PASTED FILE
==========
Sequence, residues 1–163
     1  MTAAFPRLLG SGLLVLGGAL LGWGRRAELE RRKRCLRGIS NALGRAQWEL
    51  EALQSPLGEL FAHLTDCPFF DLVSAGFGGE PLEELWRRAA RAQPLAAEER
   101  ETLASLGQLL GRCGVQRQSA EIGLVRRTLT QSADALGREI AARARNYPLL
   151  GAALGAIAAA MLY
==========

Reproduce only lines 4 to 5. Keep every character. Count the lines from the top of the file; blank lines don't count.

   101  ETLASLGQLL GRCGVQRQSA EIGLVRRTLT QSADALGREI AARARNYPLL
   151  GAALGAIAAA MLY